You just created a new subsite. You broke inheritance. You removed all of the inherited permissions. You gave only three people access.
Can anyone else see this site?
- Your Site Collection Administrator.
- People granted Web Application level "super user" permission policies by the server administrators. These roles are often called "Auditors" and "Super Administrators".
- Server administrators who have granted themselves "super user" permissions.
- Any administrator using the farm service account. (Never a best practice.)
- Any one who your team members have "Shared" with! (see below)
- The SQL Database Administrator. (we never directly query the tables… right?)
Site Collection Administrators
When a new Site Collection is created the server administrator can assign people to two roles named Primary Owner and Secondary Owner. These two users can see and change everything in site collection, unless some permission has been denied by Web Application level user policies.
These two Site Collection Administrators can add as many other people to the list of Site Collection Administrators as they like. Only the Primary and Secondary will receive site alert emails, all of these admins have Full Control over everything in the Site Collection. For more interesting things about these extra admins, see: http://techtrainingnotes.blogspot.com/2012/12/fun-and-games-with-site-collection.html.
Web Application Level "Super User" Permission Policies
Server administrators can define Web Application level policies and broadly give or remove permissions. These policies overrule anything done at the Site Collection or subsite levels. Here's a few examples:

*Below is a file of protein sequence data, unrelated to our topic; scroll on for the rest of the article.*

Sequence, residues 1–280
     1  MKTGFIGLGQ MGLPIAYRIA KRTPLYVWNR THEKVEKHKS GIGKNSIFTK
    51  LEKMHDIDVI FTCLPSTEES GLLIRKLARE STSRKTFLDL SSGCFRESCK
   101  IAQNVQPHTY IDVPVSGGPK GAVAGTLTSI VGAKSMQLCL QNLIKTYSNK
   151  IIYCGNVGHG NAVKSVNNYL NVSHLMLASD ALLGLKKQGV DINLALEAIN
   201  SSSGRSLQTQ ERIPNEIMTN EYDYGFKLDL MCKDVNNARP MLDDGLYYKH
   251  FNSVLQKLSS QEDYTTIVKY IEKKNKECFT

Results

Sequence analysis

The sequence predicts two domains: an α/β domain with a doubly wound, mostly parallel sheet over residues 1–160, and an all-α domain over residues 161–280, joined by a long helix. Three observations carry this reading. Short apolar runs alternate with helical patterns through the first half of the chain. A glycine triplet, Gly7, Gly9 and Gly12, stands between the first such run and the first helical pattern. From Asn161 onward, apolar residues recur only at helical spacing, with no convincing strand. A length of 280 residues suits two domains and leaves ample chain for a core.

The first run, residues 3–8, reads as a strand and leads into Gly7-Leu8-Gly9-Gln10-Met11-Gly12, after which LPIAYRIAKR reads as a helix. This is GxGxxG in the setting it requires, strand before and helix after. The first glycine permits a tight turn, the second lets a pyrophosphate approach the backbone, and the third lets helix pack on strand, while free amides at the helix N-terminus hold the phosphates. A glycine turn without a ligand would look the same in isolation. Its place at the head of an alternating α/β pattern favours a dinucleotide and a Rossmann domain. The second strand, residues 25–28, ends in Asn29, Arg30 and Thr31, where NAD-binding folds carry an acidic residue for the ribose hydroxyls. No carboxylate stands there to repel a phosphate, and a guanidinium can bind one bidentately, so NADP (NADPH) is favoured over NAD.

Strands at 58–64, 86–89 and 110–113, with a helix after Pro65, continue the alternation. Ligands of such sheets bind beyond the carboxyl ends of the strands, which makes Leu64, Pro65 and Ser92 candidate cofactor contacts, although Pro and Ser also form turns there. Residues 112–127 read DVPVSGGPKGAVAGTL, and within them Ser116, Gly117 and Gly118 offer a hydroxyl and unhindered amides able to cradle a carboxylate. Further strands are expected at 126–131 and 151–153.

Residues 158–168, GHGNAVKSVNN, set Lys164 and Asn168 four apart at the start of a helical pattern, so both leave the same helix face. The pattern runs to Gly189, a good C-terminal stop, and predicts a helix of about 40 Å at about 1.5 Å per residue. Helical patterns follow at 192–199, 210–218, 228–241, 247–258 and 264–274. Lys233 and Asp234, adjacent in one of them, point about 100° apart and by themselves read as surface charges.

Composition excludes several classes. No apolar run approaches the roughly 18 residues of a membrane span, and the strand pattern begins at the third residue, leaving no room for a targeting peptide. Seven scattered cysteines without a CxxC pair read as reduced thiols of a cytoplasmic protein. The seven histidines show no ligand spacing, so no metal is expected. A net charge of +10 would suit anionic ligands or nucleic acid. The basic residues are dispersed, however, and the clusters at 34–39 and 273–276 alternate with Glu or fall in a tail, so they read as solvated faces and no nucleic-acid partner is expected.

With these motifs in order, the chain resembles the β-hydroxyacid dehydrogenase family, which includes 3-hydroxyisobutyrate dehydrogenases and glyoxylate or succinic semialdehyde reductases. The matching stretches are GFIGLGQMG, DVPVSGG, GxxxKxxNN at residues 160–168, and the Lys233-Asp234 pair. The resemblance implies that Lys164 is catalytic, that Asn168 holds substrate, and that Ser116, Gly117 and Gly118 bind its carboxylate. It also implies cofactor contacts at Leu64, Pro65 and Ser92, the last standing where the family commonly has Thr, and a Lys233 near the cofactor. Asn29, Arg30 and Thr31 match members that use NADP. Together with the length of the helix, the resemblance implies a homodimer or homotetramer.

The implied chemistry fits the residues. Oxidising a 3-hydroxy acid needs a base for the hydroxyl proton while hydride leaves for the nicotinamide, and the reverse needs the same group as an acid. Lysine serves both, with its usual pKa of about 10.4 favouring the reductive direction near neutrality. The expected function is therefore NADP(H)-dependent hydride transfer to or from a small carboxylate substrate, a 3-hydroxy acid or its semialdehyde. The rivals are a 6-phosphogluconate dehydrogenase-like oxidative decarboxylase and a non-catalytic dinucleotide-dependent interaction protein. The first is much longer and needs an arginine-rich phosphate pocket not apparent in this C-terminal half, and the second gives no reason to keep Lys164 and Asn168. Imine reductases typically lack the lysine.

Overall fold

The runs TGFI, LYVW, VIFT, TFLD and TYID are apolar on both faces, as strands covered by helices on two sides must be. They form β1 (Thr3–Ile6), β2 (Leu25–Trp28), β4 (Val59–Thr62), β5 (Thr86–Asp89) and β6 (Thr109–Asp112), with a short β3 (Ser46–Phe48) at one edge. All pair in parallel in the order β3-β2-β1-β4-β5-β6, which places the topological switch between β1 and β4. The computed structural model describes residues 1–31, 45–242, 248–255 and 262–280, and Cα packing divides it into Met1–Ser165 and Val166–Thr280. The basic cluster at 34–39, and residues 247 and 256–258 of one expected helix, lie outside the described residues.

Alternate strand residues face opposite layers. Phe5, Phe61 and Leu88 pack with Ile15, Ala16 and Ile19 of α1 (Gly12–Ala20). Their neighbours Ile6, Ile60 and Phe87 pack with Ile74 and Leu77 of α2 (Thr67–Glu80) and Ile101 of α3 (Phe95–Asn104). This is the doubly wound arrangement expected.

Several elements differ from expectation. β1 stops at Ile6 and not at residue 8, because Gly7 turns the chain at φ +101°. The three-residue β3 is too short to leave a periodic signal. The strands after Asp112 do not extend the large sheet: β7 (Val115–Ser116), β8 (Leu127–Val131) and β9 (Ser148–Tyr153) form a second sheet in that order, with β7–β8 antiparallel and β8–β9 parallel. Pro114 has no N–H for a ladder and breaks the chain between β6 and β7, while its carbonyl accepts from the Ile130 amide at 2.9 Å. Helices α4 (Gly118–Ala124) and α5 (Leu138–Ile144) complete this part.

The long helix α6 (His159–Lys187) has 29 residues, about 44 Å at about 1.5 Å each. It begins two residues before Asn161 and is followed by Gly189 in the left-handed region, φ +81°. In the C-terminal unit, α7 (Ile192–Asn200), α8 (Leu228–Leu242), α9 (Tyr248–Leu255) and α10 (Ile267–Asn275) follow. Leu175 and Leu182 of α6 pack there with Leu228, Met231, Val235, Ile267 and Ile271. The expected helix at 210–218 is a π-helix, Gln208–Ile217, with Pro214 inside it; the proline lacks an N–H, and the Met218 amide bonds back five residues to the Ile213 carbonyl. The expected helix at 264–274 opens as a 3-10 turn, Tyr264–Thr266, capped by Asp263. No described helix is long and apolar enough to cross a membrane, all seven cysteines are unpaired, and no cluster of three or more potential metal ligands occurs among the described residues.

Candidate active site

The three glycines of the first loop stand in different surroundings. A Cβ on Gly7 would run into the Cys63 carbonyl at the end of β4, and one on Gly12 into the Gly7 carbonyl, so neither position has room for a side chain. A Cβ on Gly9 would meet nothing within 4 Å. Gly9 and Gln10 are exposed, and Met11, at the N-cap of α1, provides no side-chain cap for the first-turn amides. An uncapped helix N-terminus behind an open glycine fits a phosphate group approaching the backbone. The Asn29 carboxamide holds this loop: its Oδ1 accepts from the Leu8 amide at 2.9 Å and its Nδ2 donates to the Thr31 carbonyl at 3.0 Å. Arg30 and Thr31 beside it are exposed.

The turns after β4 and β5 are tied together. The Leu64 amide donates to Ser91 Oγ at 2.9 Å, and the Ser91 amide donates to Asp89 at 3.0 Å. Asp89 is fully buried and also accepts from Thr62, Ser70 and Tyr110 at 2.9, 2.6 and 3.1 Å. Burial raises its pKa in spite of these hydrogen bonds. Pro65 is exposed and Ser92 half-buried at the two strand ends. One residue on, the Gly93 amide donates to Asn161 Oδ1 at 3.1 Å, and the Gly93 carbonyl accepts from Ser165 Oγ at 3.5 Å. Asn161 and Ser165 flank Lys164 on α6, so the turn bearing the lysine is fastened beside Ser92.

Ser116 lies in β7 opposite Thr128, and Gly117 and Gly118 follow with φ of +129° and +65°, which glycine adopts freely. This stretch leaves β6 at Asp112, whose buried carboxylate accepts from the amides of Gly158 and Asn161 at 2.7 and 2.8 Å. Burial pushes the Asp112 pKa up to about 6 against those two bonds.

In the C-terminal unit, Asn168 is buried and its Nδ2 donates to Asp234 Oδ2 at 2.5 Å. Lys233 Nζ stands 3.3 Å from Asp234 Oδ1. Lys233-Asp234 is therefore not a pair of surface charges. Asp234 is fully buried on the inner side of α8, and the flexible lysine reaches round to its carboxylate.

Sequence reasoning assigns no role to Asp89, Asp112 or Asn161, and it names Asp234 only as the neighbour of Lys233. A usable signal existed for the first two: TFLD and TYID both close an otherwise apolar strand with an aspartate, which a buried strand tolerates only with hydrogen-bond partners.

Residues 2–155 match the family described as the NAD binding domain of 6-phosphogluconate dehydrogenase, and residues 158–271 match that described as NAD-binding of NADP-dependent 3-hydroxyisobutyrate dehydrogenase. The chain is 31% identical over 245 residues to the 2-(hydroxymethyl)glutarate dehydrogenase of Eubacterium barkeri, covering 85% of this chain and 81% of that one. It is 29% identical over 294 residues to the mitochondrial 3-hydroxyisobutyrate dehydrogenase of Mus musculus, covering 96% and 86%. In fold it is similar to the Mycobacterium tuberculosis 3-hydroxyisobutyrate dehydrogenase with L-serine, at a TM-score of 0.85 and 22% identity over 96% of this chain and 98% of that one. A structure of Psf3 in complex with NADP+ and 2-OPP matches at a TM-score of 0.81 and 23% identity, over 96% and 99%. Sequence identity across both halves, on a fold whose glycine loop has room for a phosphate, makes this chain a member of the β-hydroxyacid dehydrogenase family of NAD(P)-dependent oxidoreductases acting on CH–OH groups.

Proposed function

- Remove the "Create Subsites" permission from all users.
- Remove the "Manage Lists" permission from everyone in the Active Directory Sales Managers group.
- Make a user an "Auditor" with rights to see everything in the entire Web Application. Yes, everything, including permissions and everything in the Site Settings page.
- Make a user a "Super Administrator" with the ability to change anything in the Site Collection, and even run in "stealth mode" with all changes listed as "by System Account".
Team Member Sharing – Members are security admins???
In SharePoint 2013 Online, users given the "Edit" permission level can share the site or anything in any list or library in the site where they have that permission level. All they have to do is click one of the many "Share" buttons or links. This one should really scare you! All they have to do is click the Share at the top of the page, and they have shared the entire site without site owner approval. If they click Share on a document or list item, then they have broken inheritance on that item, and then shared it! The same user in SharePoint on-premises is only creating an "access request". See how to hide the share buttons here: http://techtrainingnotes.blogspot.com/2015/08/hiding-evil-sharepoint-2013-share.html
A bit odd, while the user with the "Edit" permission can "share" a full site or a single list item, then cannot share a list or library. If they guess the URL to "Permissions for this document library" they get "access denied".
SharePoint Online/Office 365 vs. On Premises:
|Member clicks the site level Share button||Creates an "access request" – site owner needs to approve||Adds new user to the Members group with usually has the Edit permission level|
|Member clicks the list or library item Share button||Creates an "access request" – site owner needs to approve. If approved, breaks inheritance and adds permissions for the new user.||Breaks inheritance and adds permissions for the new user.|
|Member guesses the URL to the People and Groups page…||Can only see the list of users in the groups.||Can remove users from groups!|
So… Consider editing the "Edit" permission level and removing the "Manage Lists" permission!